Frequently Asked Questions

  1. Is limestone a high-maintenance material?
    Limestones are generally a low-maintenance material, but frequent cleaning is vital to ensuring the longevity of your limestone surfaces.
  1. What makes limestones an ideal choice for indoor and outdoor applications?
    Because of its high heat resistance and non-slip texture, limestones can be used both indoors and outdoors alike.
  1. Can I install limestone in my bathroom?
    Yes, limestone can be used in your bathroom surfaces. It is a porous material, so proper sealing is essential to protect your surfaces from water damage and stains.
  1. How often will I have to reseal my limestone flooring?
    Generally, in every 2 years you might be required to reseal your limestone surface.If you see water seeping through your limestone surfaces or developing etchings in some areas, it is the time to reseal the stone.
  1. Can limestone be used in high-traffic areas?
    Yes, limestones can be used in high-traffic areas like your kitchen countertops. However, proper sealing and regular maintenance are required to ensure a longer life.
  1. Does limestone require special installation considerations?
    No, limestones require no additional installation considerations. All that you have to do is approach a professional for the best results.
  1. Is limestone a durable material for flooring and countertops?
    If properly sealed and regularly maintained, limestones can be a durable material you can choose for both flooring and countertops.

Care and Maintenance Guidelines

Limestone is one of the versatile natural stones used in construction and landscaping installations. Like any other natural stone, proper maintenance is required for longer life and to preserve the stone’s natural look and feel.

  1. Sealing: Limestone is porous and can easily absorb liquids, leading to staining and material damage. Applying an appropriate sealer can help protect the surface from moisture, stains, and other contaminants.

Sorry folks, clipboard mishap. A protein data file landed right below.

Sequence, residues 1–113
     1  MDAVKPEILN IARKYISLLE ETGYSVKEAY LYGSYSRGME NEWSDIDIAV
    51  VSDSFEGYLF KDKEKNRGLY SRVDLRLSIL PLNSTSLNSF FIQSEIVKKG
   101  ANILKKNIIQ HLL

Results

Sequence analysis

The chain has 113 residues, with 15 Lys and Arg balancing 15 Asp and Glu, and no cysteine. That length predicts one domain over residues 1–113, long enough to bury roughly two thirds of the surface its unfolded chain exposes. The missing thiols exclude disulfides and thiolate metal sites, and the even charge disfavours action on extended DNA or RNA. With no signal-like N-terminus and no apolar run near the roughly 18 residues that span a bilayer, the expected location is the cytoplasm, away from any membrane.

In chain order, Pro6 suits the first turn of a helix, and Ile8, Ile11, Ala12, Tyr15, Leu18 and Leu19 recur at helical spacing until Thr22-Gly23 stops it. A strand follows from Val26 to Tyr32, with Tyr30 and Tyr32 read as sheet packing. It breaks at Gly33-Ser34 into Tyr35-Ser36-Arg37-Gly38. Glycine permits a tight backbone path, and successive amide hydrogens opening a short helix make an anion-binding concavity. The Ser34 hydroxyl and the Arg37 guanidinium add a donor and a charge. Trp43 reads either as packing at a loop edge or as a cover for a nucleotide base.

2. Avoid Excessive Heat Contact: Limestones can be sensitive to heat, avoid placing hot pots or pans directly on the surface. Use trivets or heat-resistant mats to protect your stone from heat damage.
  3. Prevent Stains: Immediately wipe up spills on the surface to prevent them from seeping into the stone and progressing into staining. Be more cautious while dealing with acidic substances such as wine, citrus juices, tomato sauce, etc.
  4. No Harsh Cleaners: Limestone is sensitive to acidic substances. Avoid using harsh or acidic cleaners like bleach, ammonia, or vinegar. Instead, use a pH-neutral cleaner or a mild soap diluted in water.
  5. Practice Regular Cleaning: Keep the limestone surface neat and clean by frequently sweeping away debris and dirt. Use a soft-bristled brush or a vacuum cleaner with a brush attached to avoid scratching the surfaces.
  6. Wash Gentle with Care: While cleaning your limestone surfaces, use a soft cloth to dry out. Do not use abrasive scrubbing pads or hard brushes that can easily scratch your surfaces.
  7. Outdoor Maintenance: Keep the surface free of debris and vegetation, as outdoor plant materials can hold moisture that may lead to staining or further deterioration.